On a cool and wet October afternoon, Ottawa Geek Market celebrated its second anniversary held on Carleton University’s campus.
The Ottawa Geek Market is a non-profit company keen on bringing awesome geeky shopping experiences to the Ottawa region. It hopes to achieve three goals:
1) to provide local geeky artisans, vendors and shopkeepers with an opportunity to sell their awesome items
2) to celebrate the thriving geeky community in Ottawa in a fun and safe environment
3) to donate as much money as they can to local charities
To an experienced geeky expo or con attendee, the atmosphere may seem calm and slow. The room was filled with a low hum rather than the buzz of heavy chatter, but there was still a healthy flow of people visiting the venue.
It’s definitely a refreshing place to be for anyone who’s a little claustrophobic or anyone who would like the time to enjoy what each booth has to offer. I had a few lovely chats with some of the friendly vendors.
There were a variety of booths, everything from comics, nerdy gear, jewellery, Victorian and Steampunk costumes, and games.
Check out my geeky loot:
And because I’m such a huge Assassin’s Creed fan, I had to stop this young lady to get a photo op.
The Geek Market had a few interesting and special exhibitors: Doctor Who Society of Canada, The League Of Super Heroes, The Ontario Ghostbusters, Ottawa Browncoats, Steampunk Ottawa, and Suki Cosplay.
While the Geek Market is still in its infancy, I’m hoping in the future they might consider expanding, doing a bit more to attract visitors to return and bring in new faces. It may be a bit much for attendees to pay an entrance fee and pay for merch in such a small space. I was there for a good two hours but found no reason to stay longer or return for its second day running. Attendees could easily attain exhibitors’ business cards and research them to shop outside of the Geek Market too.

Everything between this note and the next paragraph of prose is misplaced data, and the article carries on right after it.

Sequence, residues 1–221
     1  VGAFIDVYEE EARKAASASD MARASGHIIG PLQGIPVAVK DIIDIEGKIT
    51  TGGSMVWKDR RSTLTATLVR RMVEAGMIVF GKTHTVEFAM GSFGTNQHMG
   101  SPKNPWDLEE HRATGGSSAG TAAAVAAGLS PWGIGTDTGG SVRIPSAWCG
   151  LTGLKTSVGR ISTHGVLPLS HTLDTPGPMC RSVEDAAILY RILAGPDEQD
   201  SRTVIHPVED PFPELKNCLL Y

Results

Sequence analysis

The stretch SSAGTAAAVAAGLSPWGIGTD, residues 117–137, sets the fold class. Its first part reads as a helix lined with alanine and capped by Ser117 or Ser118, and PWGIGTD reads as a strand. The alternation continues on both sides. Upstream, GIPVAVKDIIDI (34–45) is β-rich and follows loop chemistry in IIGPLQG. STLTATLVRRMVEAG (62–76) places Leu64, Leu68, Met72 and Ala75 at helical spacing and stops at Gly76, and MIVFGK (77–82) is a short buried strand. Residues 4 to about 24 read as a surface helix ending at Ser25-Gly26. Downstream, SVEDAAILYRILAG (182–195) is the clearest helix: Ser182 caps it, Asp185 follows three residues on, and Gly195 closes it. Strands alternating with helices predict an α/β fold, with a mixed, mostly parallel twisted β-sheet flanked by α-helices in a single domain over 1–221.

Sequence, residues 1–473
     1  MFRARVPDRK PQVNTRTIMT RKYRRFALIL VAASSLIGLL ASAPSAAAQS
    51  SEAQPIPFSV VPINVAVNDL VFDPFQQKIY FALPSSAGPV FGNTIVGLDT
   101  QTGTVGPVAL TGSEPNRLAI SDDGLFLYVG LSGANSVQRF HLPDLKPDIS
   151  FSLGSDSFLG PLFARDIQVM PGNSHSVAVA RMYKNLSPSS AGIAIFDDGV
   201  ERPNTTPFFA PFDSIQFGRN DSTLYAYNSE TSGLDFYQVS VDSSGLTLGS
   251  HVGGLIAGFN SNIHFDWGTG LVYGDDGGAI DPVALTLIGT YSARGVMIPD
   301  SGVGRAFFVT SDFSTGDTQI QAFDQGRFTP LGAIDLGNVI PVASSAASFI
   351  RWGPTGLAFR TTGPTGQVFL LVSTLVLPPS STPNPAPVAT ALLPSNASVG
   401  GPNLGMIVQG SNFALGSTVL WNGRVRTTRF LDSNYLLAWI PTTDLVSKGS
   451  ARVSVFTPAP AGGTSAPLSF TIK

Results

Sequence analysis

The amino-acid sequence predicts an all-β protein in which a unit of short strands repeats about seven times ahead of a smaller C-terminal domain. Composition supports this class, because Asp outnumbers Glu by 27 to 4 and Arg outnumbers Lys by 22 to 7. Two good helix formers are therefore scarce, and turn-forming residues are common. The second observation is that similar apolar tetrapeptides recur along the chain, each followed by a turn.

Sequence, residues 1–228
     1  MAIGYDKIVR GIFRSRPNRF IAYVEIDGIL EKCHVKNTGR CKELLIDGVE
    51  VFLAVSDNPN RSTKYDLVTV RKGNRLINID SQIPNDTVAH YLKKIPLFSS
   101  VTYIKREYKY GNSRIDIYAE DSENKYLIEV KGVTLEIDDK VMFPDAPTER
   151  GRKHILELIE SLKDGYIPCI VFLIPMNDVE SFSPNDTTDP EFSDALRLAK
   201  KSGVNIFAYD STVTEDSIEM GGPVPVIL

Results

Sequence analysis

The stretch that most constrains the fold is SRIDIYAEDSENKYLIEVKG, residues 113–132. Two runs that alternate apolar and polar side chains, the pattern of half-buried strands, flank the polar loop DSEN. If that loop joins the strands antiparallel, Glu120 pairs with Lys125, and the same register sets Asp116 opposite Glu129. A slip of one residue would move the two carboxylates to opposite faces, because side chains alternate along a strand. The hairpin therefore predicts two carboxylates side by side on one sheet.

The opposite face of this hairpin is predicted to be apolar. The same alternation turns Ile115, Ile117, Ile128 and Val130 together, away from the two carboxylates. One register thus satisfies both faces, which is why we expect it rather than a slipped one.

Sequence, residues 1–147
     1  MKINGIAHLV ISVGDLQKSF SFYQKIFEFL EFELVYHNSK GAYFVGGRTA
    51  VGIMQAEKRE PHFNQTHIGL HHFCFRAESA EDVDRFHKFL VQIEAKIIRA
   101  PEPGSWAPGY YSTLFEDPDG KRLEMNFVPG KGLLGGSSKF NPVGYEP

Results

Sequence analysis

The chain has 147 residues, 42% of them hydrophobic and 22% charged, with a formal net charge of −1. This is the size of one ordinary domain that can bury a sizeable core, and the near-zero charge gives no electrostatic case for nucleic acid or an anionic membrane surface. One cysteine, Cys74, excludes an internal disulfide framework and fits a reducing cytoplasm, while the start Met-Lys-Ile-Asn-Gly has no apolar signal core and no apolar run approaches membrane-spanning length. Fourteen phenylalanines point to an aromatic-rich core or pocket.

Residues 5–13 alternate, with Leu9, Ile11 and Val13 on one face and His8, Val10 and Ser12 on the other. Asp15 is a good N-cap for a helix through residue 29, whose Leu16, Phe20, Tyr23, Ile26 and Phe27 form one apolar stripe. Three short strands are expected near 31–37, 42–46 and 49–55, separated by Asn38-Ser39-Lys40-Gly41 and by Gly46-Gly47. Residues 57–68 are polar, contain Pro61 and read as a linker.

A solution to all this?
It would be cool to have a few more activities: geeky lectures or 101s, a cosplay fashion show, gaming tournaments or stations, etc. Even having special guests would add an extra geeky touch!
It would definitely inspire visitors to stay longer throughout the day as well as return for its final day. And perhaps instead of a flat rate entry fee, something like “pay what you can” donations would be a smarter route to go. It would encourage more young people, especially students who have a low budget, to attend and allow generous folk to give more in support of the charities.
Ottawa Geek Market has a good thing going, supporting the geek community and charities that try to make the world a better place. I look forward to seeing it grow in the years to come.
Check out the Paper Droids Facebook page for more photos from the Ottawa Geek Market!